Training In The Heat

So happy to be at Phantom Creek after a brutal hike across Utah Flats in the Grand Canyon on the approach to climb Isis Temple.
So happy to be at Phantom Creek after a brutal hike across Utah Flats in the Grand Canyon on the approach to climb Isis Temple.

The human body is an amazing machine that is capable of adapting to a variety of extreme environments. From a physiological perspective, heat stress has the potential to develop into a life threatening condition rapidly if you fail to adjust your training program. It is far safer to progress slowly as summer temperatures rise and prevent heat related illnesses than having to recover from one. Try incorporating the following tips into your training strategy to prepare for training in the heat.

Avoid training between 10AM and 4PM outside

The majority of heat related illnesses occur during these hours. Training in the direct sunlight can also increase the temperature by 15-20 degrees or more. Your body is simply incapable of sustaining high intensity under these conditions. Time your training/movement around these hours. One of our favorite tactics in the desert is to do a dawn patrol, starting  by headlamp and trying to finish by 10am.

Avoid training when temperature is above 90F and 60% humidity

Increases in humidity negatively affect the bodies’ ability to cool itself through perspiration. When the humidity levels exceed 60%, sweat evaporates at a slower rate causing the body to retain heat.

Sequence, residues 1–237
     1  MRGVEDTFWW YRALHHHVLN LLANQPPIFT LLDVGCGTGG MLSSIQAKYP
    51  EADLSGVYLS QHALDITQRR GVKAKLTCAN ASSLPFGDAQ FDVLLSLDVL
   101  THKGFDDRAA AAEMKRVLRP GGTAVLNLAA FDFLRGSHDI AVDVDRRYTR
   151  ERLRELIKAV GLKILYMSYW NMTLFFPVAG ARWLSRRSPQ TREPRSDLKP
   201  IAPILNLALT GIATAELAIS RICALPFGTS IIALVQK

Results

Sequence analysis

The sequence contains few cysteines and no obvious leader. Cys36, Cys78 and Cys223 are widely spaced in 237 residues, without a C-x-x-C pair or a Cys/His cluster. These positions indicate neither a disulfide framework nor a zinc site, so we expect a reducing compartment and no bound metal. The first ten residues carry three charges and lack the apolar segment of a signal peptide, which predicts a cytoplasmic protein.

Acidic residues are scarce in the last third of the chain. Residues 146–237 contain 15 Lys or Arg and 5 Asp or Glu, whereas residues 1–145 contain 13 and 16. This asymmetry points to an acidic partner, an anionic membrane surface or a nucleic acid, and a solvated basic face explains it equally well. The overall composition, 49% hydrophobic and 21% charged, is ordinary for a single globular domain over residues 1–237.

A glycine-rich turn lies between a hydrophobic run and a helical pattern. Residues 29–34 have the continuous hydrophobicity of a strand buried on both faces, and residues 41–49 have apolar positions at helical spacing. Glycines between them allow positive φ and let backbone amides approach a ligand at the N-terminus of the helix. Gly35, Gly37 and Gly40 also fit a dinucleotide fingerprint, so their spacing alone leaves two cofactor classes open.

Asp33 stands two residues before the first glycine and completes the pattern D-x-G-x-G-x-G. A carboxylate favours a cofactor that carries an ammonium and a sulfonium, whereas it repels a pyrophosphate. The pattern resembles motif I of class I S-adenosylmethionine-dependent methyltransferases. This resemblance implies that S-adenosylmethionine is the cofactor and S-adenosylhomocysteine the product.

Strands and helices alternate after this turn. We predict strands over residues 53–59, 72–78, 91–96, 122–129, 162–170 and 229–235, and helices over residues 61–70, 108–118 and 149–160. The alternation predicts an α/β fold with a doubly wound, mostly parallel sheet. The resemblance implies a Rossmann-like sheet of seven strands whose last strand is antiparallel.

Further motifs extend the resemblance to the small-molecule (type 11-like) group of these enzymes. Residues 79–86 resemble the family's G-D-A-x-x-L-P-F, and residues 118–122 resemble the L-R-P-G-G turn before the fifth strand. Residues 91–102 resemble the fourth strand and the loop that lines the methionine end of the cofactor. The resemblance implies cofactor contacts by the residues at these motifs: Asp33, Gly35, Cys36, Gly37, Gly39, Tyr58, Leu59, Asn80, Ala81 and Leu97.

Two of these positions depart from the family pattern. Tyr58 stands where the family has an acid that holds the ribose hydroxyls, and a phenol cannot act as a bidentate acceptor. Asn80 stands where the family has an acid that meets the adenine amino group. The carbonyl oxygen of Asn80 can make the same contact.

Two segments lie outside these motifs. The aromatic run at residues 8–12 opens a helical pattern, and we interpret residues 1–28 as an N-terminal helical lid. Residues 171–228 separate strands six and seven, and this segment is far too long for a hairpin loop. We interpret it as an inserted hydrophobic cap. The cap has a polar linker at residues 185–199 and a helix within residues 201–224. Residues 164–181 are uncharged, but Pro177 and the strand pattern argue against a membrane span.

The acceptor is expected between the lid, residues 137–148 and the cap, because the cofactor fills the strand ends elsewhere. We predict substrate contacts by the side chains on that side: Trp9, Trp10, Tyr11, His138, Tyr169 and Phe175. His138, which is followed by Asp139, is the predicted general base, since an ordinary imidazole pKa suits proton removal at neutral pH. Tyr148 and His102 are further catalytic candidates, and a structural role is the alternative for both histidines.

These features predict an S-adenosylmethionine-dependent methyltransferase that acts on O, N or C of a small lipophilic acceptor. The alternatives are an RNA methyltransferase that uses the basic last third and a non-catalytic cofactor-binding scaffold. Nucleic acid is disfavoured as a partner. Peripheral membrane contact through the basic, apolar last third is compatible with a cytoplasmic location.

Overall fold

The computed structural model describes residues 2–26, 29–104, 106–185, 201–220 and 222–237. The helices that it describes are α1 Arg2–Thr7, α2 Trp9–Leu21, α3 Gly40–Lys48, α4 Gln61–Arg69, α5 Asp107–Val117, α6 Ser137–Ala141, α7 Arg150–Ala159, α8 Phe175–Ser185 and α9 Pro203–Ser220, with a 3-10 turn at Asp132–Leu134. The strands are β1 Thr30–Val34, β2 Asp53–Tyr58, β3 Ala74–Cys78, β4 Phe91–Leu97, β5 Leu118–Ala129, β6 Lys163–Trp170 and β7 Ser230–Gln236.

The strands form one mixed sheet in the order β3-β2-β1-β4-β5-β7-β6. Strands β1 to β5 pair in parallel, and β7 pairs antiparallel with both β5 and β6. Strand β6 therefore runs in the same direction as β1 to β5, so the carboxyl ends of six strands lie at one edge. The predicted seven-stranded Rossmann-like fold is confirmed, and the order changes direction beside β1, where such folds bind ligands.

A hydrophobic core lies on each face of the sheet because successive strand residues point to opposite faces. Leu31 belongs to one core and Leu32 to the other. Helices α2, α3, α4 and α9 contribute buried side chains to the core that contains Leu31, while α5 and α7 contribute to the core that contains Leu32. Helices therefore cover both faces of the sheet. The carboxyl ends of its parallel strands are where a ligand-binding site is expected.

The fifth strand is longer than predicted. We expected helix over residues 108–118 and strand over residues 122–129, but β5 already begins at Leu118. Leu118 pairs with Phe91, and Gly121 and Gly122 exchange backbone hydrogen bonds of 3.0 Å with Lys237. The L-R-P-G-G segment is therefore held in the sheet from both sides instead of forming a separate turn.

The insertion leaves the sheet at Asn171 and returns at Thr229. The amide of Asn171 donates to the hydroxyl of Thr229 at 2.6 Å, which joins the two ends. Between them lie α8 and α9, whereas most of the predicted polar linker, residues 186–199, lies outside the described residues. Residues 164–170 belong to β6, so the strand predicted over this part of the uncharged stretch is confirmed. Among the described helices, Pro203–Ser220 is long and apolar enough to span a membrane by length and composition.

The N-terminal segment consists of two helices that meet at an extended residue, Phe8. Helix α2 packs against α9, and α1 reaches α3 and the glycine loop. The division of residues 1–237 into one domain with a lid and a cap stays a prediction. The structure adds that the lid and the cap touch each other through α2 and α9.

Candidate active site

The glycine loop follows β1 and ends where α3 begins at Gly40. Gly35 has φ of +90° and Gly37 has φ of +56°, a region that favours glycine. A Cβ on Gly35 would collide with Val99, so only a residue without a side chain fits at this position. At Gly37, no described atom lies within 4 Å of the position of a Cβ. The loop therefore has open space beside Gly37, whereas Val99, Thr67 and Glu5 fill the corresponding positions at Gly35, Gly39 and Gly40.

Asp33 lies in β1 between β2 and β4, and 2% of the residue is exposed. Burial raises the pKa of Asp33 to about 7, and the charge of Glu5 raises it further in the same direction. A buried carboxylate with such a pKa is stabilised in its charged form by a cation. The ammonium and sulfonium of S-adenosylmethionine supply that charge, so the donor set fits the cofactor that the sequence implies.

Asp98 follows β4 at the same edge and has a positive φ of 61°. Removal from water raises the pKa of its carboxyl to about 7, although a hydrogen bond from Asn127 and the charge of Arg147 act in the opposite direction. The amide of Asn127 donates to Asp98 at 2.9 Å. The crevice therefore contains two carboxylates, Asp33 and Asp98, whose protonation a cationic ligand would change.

Take the time to acclimatize

Acclimatization is vitally important when training in environments hotter than you are accustomed to. Allow at least 10-14 days to acclimate to increased heat and exertion levels. Studies have shown that bodies adapting gradually to elevated heat and training intensity can dramatically lower electrolyte loss through sweat and becoming more efficient at managing internal hydration levels.

Lower your intensity

Decrease intensity when training, especially during the acclimatization period. Hydration losses can greatly exceed the bodies’ ability to absorb water. Lowering intensity decreases these losses and can help prevent heat related illnesses.

Wear the right clothing for training in the heat

Wear light weight, light colored and loose fitting clothing. If your training brings you near a water source, SOAK your clothes and body to shed heat and speed the evaporative cooling process.

Training in the heat is possible if you are willing to make some modifications to your normal training routine. Prevention of heat illness should take priority over intensity of training during these times. I strongly encourage you to apply these simple guidelines to your training in hot environments. It can mean the difference between recovering at home or in the emergency room. Be safe out there this summer.

Related Article: Signs Of Heat Illness